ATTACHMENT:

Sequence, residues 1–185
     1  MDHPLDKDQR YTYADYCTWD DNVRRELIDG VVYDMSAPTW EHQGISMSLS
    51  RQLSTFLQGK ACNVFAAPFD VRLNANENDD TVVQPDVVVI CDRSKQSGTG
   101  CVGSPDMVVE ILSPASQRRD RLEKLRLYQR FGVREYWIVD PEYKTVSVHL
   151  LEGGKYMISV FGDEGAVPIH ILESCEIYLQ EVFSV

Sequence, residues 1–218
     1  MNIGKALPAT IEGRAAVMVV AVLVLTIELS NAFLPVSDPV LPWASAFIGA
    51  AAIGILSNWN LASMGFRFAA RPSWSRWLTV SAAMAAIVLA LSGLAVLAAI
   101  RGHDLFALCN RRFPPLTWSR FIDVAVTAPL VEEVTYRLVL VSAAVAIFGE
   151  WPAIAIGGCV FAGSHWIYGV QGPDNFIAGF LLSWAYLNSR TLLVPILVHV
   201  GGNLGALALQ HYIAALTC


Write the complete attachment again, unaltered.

Sequence, residues 1–185
     1  MDHPLDKDQR YTYADYCTWD DNVRRELIDG VVYDMSAPTW EHQGISMSLS
    51  RQLSTFLQGK ACNVFAAPFD VRLNANENDD TVVQPDVVVI CDRSKQSGTG
   101  CVGSPDMVVE ILSPASQRRD RLEKLRLYQR FGVREYWIVD PEYKTVSVHL
   151  LEGGKYMISV FGDEGAVPIH ILESCEIYLQ EVFSV

Sequence, residues 1–218
     1  MNIGKALPAT IEGRAAVMVV AVLVLTIELS NAFLPVSDPV LPWASAFIGA
    51  AAIGILSNWN LASMGFRFAA RPSWSRWLTV SAAMAAIVLA LSGLAVLAAI
   101  RGHDLFALCN RRFPPLTWSR FIDVAVTAPL VEEVTYRLVL VSAAVAIFGE
   151  WPAIAIGGCV FAGSHWIYGV QGPDNFIAGF LLSWAYLNSR TLLVPILVHV
   201  GGNLGALALQ HYIAALTC